It’s Not What You Thought You Signed That Counts: Chancery Court Rejects Plaintiffs’ Claims For Breach of Contract Plaintiffs Thought They Had Made
In Concerned Citizens of the Estates of Fairway Village, et al, v. Fairway Cap, LLC and Fairway Village Construction Inc., C.A. No. 2017-0924-JRS (Del. Ch. March 6, 2019), homeowners resident in Fairway Village, a residential planned community (“Plaintiffs”) claimed that plans and actions taken by one of the community’s developers, defendant Fairway Cap, LLC (“Fairway Cap”), to construct, own and lease townhouse condominiums in the community for use as rental apartments breached contractual provisions of Fairway Village’s governing documents. In its verdict for defendants, the Court of Chancery (the “Court”) rejected those claims, and concluded that Plaintiffs failed to prove a breach of contract and denied Plaintiffs’ motion for summary judgment.
In proceedings prior to trial, the Court granted Plaintiff’s motion for preliminary injunction and enjoined defendants from renting townhouses in the community pending the outcome of the trial. Subsequently, the Court dismissed Plaintiffs’ breach of fiduciary duty and fraud claims, leaving only the breach of contract cause of action for trial.
In its findings the Court indicated that Fairway Cap initially wanted to acquire and develop only certain lots within the Community. The prior owner of the undeveloped lots in the Community defaulted on its loan presenting Fairway Cap with the opportunity to purchase the defaulted loan. By purchasing the defaulted loan, Fairway Cap was able to acquire all the remaining undeveloped lots within the Community. After several years of sluggish sales, Fairway Cap re-evaluated its objectives and decided the best and highest use of the remaining lots would be to build townhouses for use as rental apartments, maintain ownership, and rent them to long-term tenants. Testimony at trial indicated this would result in Fairway Cap owning and leasing more than 76% of the community’s condominium units, in turn potentially increasing financing costs for homeowners purchasing and refinancing units and reducing Fairway Village’s property values.
The decision’s analysis first addressed Plaintiffs’ argument that Fairway Village’s governing documents contain restrictive covenants prohibiting the developer’s plans. Plaintiffs bore the burden of proof, the Court held, to identify contractual restrictions on the use of Fairway Cap’s property and how those restrictions had been breached. The Court noted that in real property-related contract breach claims such as Plaintiffs’, the law facilitates free use of land not otherwise validly restricted.
The Court ruled that Plaintiffs failed to meet their burden of proof because they did not identify any contractual commitment that restricted Fairway Cap from owning and renting units in the Community. The Court found that the governing documents clearly provided that a builder or developer can own units to sell or to rent and that “express references to, or implicit recognition of, an owner’s right to rent its condominium unit for residential purposes through the governing documents are too numerous to cite.” A recital in a peripheral declaration document stating that the developer “will offer Condominium Units for sale to the public”, the Court determined, was not incorporated in the governing documents and at best reflects only a then-present intention of the developer, “not … a promise to refrain from all other permitted uses in perpetuity.”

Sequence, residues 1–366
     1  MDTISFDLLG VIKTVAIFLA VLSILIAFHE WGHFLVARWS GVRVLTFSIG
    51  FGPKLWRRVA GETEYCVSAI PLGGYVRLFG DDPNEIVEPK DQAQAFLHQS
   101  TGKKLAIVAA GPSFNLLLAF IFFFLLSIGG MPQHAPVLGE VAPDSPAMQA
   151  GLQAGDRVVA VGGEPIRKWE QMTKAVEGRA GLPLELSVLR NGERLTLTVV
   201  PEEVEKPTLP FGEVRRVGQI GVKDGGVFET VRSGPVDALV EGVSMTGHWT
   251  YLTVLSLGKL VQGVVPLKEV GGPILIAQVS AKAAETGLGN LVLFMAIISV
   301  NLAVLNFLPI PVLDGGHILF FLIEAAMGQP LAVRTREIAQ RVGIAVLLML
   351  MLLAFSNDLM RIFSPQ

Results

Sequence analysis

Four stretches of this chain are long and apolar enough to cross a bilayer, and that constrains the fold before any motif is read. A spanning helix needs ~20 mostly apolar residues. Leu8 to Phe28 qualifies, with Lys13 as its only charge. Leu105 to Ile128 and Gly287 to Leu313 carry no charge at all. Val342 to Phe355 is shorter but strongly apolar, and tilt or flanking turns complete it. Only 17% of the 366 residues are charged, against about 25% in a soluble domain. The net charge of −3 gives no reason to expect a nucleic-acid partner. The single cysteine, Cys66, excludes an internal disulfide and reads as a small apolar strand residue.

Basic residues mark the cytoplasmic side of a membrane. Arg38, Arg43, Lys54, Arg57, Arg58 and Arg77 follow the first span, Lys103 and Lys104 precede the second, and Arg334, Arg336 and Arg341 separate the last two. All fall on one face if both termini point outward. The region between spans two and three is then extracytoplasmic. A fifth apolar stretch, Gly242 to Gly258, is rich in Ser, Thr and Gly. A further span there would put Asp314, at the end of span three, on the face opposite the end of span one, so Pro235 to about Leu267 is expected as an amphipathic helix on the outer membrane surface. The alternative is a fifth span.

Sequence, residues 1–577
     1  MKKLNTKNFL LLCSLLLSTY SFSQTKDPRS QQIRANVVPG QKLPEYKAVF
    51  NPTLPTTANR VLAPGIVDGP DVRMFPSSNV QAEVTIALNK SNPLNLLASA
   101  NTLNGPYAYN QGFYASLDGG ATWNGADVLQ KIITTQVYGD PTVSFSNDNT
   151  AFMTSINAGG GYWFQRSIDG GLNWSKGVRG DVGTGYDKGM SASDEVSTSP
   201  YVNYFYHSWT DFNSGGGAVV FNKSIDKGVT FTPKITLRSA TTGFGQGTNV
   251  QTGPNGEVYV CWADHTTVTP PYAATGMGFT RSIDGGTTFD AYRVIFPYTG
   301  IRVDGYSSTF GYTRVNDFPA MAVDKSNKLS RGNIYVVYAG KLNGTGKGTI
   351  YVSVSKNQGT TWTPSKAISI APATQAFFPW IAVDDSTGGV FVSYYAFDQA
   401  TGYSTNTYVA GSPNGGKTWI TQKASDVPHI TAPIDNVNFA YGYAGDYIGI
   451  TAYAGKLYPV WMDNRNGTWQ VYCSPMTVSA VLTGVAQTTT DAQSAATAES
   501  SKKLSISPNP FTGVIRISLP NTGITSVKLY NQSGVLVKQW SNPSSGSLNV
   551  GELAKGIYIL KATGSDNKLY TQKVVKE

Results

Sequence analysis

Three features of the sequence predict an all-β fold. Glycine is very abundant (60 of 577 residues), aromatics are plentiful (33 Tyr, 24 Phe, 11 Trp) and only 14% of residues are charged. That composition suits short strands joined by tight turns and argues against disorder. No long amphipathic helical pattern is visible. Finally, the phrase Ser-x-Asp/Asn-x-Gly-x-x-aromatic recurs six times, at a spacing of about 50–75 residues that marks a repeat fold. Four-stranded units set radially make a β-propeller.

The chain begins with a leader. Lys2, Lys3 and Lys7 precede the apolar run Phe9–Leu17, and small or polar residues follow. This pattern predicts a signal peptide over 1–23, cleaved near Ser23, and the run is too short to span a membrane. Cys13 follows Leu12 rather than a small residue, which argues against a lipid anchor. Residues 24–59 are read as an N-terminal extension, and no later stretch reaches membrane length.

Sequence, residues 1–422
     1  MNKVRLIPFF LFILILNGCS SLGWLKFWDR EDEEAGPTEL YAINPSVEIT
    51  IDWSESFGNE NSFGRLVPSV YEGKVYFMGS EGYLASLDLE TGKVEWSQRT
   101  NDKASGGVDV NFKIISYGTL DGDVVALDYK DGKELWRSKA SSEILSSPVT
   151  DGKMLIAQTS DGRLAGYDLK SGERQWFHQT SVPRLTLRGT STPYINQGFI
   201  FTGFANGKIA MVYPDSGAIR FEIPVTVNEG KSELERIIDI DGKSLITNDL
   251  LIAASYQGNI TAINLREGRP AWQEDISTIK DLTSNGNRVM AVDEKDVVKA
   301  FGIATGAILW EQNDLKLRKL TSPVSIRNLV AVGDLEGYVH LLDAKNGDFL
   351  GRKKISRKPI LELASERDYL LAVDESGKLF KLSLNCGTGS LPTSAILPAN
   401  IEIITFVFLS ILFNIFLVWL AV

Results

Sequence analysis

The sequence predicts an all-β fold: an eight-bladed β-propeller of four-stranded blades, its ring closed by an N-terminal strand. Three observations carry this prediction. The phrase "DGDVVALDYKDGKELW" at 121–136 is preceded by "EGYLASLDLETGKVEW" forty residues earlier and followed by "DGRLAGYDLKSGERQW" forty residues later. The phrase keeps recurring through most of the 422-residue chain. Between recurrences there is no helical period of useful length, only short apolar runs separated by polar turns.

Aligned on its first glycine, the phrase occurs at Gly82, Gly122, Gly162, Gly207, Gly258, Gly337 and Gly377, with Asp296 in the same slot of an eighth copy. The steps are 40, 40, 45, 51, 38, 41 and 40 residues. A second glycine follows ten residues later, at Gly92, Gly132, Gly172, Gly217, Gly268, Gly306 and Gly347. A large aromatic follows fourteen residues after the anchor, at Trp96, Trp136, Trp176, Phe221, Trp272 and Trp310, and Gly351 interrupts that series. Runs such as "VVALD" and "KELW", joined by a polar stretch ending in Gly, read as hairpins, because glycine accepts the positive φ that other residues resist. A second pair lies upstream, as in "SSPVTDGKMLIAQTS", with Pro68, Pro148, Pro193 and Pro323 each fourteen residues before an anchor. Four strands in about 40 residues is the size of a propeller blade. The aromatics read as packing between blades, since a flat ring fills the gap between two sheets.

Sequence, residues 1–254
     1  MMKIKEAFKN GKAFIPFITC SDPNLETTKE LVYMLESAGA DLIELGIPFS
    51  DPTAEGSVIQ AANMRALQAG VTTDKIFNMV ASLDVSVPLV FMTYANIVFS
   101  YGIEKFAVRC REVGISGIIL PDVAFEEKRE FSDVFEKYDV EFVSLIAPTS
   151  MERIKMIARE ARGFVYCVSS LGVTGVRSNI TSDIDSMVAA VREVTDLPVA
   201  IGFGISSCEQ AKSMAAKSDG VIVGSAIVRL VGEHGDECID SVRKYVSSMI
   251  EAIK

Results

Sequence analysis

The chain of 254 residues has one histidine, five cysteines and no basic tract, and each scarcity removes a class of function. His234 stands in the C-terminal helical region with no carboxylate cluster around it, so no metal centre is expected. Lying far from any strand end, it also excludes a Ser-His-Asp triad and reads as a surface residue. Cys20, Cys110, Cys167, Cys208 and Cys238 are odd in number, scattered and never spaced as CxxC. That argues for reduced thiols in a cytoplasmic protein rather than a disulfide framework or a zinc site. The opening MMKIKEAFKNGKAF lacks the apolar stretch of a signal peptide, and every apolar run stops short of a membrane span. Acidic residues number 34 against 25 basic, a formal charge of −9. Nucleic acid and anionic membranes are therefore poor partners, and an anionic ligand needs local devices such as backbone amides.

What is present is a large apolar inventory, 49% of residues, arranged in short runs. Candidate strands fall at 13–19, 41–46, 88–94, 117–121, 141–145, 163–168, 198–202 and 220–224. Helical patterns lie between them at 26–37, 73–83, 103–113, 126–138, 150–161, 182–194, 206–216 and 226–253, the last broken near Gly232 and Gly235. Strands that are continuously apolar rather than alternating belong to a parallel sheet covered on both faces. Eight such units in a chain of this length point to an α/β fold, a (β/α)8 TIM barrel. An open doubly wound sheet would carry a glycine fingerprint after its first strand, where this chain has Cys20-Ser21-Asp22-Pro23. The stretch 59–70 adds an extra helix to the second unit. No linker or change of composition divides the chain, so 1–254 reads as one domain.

Next, the Court addressed Plaintiffs’ request for a permanent injunction (i) to prevent the developer from constructing townhouses for use as rental units, and (ii) to require the developer to construct townhouses for sale that conform with those already constructed. The Court held that by failing to prove a breach of contract, Plaintiffs also had not proven any predicate wrong and corresponding right of action as required for the Court to grant an equitable remedy such as a permanent injunction. That remedy may not be invoked, the Court indicated, to prevent the developer from lawfully exercising its contractual rights or from putting its property to a lawful use.
The Court rejected Plaintiffs’ contention that the Court should view the Fairway Village’s governing documents “in a macro sense” through Plaintiffs’ eyes. Instead, the Court stated that Delaware law requires adherence to the objective theory of contracts in interpreting the governing documents, “by ‘standing in the shoes of an objectively reasonable third-party observer’ who is bound to give ordinary meaning to the words used by the parties and to enforce the agreements as written when that meaning can be readily discerned.” The Court did not accept Plaintiffs’ argument that Fairway Cap’s rental plan should be enjoined because it fundamentally alters the community and its governance scheme, leaving the developer in control of Fairway Village’s condominium council, even though homeowners contemplated that control would be turned over to them, in support of which Plaintiffs cited references in the governing documents requiring the developer’s consent to certain amendments. The Court went on to observe that no restriction in the governing documents or in law prohibited Fairway Cap’s ownership of multiple units and resulting voting control. The Court noted that Plaintiffs’ “vague sense” of being treated unfairly is not sufficient to justify granting equitable relief.
Notably, in reaching its verdict for the defendants, the Court pointed out that the “Plaintiffs cannot prevail on their breach of contract claim by proving Defendants breached the contract Plaintiffs thought they had made.”